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    ok, but -457 is hardly "mild" conditions, as they are stating in this new article.
    I think the article mentioned in post#1 was referring to a different way to store hydrogen- one that bonds hydrogen into solid molecules. In that sense, it's like bonding hydrogen and oxygen (gases) to make H2O (not a gas at normal temperatures).
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    Senior Member wahoonc's Avatar
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    Now the air car is cool. That is a unique idea and one to me with great merit. I just hope they can bring into mass production. I also wonder if it could be sized up to use for a larger vehicle?

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  9. #9
    Senior Member Sir Lunch-a-lot's Avatar
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    The air car does sound pretty cool. Although, in northern climates, you'd have to find another way to heat the car.
    Pythagorean Theorum: 24 words. Lord's Prayer: 66 words. 10 Commandments: 179 words. Gettysburg Address: 286 words. Declaration of Independence: 1,300 words. U.S. Government Regulations on the Sale of Cabbage: 26,911 words.

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    Mister Goody Two Shoes KnhoJ's Avatar
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    Quote Originally Posted by Sir Lunch-a-lot
    The air car does sound pretty cool. Although, in northern climates, you'd have to find another way to heat the car.
    Air conditioning wouldn't be a problem!
    You'd have to find a way to keep the engine from icing up, though. Adding surface area (like air cooled engine fins) and open airflow would turn the motor into a block of ice in 40 degree rain. Maybe sealing the engine away from the elements, and running a "radiator" (uhhh... is there an antonym for radiate?) system to pick up external heat might do the trick. Then regulate the motor operating temperature cold enough to be controllable in cold weather. You'd need to do something similar for the "fuel" lines and compressed air storage, or they'd ice up inches thick with road spray as the pressure dropped, and lose pressure as the remaining "fuel" lost volume with the pressure drop. Maybe hook them up to the same coolant (warmant?) supply as the motor; adding a little environmental heat to the entire air supply might actually provide enough energy to offset the cost of pumping that warmant around. But how to keep the "radiator" from freezing every speck of moisture that touches it?

  11. #11
    Senior Member Sir Lunch-a-lot's Avatar
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    Don't worry. Radiator is a word. Cars have them already.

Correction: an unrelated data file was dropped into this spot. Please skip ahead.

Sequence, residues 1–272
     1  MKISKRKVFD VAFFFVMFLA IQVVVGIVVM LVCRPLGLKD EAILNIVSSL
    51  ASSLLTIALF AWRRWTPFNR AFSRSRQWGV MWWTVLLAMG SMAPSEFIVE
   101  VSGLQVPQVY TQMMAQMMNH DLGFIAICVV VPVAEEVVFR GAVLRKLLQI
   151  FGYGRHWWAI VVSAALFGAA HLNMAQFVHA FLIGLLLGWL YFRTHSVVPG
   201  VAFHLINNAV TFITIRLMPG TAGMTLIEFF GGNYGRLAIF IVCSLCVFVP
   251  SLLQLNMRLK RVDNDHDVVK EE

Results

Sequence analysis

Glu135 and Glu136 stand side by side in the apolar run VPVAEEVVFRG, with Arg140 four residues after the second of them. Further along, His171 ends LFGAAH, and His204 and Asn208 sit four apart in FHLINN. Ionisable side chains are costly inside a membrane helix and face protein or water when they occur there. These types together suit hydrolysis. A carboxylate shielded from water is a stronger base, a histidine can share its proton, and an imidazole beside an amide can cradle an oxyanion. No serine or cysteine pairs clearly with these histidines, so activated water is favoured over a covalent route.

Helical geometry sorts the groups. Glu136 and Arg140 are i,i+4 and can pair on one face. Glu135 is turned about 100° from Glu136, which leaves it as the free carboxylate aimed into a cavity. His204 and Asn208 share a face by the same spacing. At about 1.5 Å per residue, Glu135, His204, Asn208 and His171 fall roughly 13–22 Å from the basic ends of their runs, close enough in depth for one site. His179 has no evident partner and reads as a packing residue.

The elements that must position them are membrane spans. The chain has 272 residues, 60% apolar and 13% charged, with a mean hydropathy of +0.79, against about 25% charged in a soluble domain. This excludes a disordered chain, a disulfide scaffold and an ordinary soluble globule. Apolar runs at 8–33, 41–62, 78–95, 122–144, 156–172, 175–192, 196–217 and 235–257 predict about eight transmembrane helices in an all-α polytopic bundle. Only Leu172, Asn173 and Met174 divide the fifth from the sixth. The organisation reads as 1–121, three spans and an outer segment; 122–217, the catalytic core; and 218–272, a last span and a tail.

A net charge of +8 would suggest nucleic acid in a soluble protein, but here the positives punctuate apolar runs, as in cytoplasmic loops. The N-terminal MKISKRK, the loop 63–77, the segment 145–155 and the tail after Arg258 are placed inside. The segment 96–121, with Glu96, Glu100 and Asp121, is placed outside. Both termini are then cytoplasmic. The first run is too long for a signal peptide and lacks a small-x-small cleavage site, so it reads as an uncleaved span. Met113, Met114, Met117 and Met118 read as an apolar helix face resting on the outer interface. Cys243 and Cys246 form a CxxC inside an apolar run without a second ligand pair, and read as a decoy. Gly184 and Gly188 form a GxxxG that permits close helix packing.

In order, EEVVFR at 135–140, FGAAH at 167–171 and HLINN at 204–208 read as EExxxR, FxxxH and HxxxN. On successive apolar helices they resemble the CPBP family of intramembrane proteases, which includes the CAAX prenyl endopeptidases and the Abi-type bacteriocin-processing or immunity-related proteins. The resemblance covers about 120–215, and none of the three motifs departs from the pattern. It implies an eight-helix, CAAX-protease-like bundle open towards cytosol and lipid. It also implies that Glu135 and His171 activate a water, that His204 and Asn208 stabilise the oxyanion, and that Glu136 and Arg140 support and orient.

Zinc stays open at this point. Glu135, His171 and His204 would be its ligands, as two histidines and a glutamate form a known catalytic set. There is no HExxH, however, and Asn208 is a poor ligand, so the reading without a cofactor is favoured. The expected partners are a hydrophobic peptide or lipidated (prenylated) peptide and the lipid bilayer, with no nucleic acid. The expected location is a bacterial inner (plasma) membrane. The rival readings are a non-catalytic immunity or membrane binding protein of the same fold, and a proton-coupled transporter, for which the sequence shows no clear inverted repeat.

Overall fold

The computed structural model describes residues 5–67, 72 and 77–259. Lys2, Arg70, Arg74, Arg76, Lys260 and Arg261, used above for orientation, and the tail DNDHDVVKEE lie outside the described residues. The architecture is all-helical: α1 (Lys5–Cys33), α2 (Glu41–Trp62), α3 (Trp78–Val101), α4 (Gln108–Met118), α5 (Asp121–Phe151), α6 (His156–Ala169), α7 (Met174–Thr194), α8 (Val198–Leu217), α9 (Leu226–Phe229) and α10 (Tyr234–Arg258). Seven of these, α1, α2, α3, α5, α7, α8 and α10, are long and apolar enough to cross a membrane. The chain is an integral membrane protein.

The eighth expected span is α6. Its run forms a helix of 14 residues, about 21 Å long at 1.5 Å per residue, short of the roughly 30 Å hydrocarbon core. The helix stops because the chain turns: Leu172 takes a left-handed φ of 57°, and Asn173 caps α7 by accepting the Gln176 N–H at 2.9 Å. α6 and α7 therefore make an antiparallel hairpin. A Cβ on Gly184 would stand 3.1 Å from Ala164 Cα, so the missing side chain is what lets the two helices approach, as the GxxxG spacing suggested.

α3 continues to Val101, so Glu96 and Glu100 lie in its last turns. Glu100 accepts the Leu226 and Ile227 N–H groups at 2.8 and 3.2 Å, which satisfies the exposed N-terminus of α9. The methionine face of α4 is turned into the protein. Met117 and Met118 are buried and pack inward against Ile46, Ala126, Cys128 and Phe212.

Pythagorean Theorum: 24 words. Lord's Prayer: 66 words. 10 Commandments: 179 words. Gettysburg Address: 286 words. Declaration of Independence: 1,300 words. U.S. Government Regulations on the Sale of Cabbage: 26,911 words.

  12. #12
    Senior Member Wogster's Avatar
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    Quote Originally Posted by Sir Lunch-a-lot
    Don't worry. Radiator is a word. Cars have them already.
    I think the word pre-existed the internal combustion engine, many buildings from before the automobile, remember those big cast iron hot water and steam radiators.

  13. #13
    George Krpan
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    The majority of the US population now lives in places where hot weather is the principle challenge.
    Where cooling the home is more important than heating it.

  14. #14
    Striving for Fredness deputyjones's Avatar
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    I wonder what would happen to one of these cars and their hydrogen tanks in the event of a major crash where the tank was ruptured?
    Monsignor: We must always fear evil men. But there is another kind of evil that we must fear the most, and that is the indifference of good men.
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  15. #15
    Senior Member wahoonc's Avatar
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    Quote Originally Posted by deputyjones
    I wonder what would happen to one of these cars and their hydrogen tanks in the event of a major crash where the tank was ruptured?
    DJ,
    If you are talking about the same car we are...nothing...the tanks contain compressed air...non flammable And the tanks are rated pressure vessels. As far as the hydrogen powered cars, I think getting the infrastructure in place to safely handle the compressed or liquid H is going to be the major issue, not to mention the volatility of it.

    The air powered car has my vote as currently the most interesting proposal for an alternative fuel to date. I have seen air powered tools in the Amish country before, biggest problem being that they can generate HP and speed but no torque. I signed up for the email list, hopefully something will come of this and it won't get quashed.

    Aaron
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  16. #16
    Senior Member donrhummy's Avatar